Updated 7:50 p.m.
Davidson College and Piedmont Natural Gas said Tuesday they have reached a settlement over a controversial plan for a natural gas pipeline across property the college says is an ecological preserve. The deal will shift the pipeline route into an existing utility corridor on college property.
The newly agreed route, on the southern part of the college property, will affect the college cross country trail. But PNG has agreed to replant trees after the pipeline is installed.
As we reported in February, PNG’s plans for the pipeline have prompted concerns both from the college and from residents.
Davidson Lands Conservancy is among the local groups with concerns about the pipeline. In an email Tuesday night, executive director Roy Alexander said the agreement will help protect the town’s tree canopy.
“I applaud the college for standing up to protect the Ecological Preserve and Piedmont Natural Gas for being willing to consider alternative routing of the corridor on the campus and elsewhere along the route to preserve as much of our highly-valued tree canopy as possible.”
Here’s the college announcement:
Davidson & PNG Reach Agreement on New Pipeline Route
Davidson College and Piedmont Natural Gas have reached agreement on the route a new PNG pipeline will take across college property. The 5,100-foot section that crosses the college’s land will be part of a 127-mile line supplying natural gas to Duke/Progress Energy’s Sutton power plant in Wilmington.
Davidson officials learned in late January of PNG’s original planned pipeline route, and at that time raised concerns about the significant damage it would cause to the college’s ecological preserve. The preserve covers about 1/3 of the college’s 600-acre property and is the site of frequent scientific investigations by professors and students.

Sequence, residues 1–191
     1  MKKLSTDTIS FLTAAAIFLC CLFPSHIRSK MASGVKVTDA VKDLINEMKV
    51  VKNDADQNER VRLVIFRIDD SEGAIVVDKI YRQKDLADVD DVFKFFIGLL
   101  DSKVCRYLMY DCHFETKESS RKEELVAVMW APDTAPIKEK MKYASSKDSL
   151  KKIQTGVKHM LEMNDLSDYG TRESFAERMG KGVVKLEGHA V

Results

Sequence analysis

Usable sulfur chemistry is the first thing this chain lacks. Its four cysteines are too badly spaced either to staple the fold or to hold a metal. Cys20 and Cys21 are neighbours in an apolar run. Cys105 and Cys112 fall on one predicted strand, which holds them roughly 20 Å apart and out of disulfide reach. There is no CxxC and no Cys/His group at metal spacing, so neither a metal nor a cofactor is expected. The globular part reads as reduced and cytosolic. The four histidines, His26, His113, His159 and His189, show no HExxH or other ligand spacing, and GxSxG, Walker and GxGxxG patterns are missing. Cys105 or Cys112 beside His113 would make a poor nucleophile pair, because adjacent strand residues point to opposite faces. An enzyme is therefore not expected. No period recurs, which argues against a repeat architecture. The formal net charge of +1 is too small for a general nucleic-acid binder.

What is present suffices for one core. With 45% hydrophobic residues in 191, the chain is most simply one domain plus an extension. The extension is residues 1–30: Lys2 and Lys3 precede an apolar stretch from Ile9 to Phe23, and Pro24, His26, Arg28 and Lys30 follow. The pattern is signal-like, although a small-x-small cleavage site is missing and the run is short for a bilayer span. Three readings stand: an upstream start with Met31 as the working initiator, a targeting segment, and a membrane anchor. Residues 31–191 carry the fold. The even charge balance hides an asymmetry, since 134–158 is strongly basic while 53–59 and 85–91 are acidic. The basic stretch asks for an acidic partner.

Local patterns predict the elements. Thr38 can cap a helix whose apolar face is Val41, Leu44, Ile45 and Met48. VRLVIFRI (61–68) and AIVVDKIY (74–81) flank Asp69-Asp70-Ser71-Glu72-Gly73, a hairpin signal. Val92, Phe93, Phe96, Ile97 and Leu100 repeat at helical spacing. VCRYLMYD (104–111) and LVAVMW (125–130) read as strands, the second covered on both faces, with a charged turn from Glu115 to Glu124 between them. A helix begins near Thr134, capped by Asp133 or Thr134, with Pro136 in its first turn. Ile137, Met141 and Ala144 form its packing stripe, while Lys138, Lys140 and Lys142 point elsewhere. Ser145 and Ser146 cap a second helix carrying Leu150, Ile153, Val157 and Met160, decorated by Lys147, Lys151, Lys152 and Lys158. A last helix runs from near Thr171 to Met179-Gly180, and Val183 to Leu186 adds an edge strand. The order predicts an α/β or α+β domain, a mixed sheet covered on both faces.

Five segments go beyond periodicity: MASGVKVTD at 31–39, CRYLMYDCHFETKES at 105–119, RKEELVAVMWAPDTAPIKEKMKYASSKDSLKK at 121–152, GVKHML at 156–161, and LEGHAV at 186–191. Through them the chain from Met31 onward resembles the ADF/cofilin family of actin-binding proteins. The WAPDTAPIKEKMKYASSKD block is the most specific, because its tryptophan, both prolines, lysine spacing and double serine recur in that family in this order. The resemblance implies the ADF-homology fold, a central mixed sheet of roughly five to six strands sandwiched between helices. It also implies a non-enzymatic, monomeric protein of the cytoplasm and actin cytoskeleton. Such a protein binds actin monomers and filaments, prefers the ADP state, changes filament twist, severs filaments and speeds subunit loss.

The two parties entered into negotiations at that time, and have now reached agreement on an alternate route for the pipeline that runs mostly adjacent to an existing utility corridor on college property. Toward the southern end of the college’s property, the route will turn eastward and cross pastureland before exiting college property.
The agreement with the college gives PNG a new easement that ranges in width between 65 and 70 feet, which is in addition to the existing 40-foot easement that PNG already has on college property. By running the new easement along the existing energy corridor rather than through the ecological preserve, damage to the most sensitive areas of the preserve is avoided. After construction is complete, trees will be replanted along portions of the easement within the ecological preserve to further minimize the long-term effect of the project.
Construction is expected to begin in late fall, and continue through early spring. It will affect some parts of the college’s cross country trails, and the college will work to maintain as much access to the trails as is safely possible during the construction period.
Here’s an announcement by Piedmont Natural Gas:
“Piedmont Natural Gas and Davidson College have reached an agreement with respect to the routing of a new natural gas pipeline crossing a portion of Davidson College’s property.
The agreement with Davidson College over the pipeline’s route was the result of numerous productive discussions between Piedmont and Davidson and addresses the College’s previously stated concerns while also meeting Piedmont’s needs for proceeding with the project.
When completed, the new natural gas pipeline will provide natural gas delivery service to the Duke / Progress Energy Sutton plant in eastern North Carolina near Wilmington. The Sutton Plant is retiring three coal-burning units and replacing them with natural gas fired units; this will allow for significant emission reductions at the facility: 40 to 50 percent in carbon dioxide emissions, more than a 95 percent reduction in nitrogen oxides, and the virtual elimination of sulfur dioxide and mercury emissions. Thus far, more than 100 miles along the route of the new Sutton pipeline have been prepared for construction, approximately 22 miles of pipeline is already “in-ground”, more than 60 miles of pipeline is in place to be installed, and more than 560 workers are currently employed in the effort to construct the new pipeline. The pipeline is scheduled for completion in June, 2013.”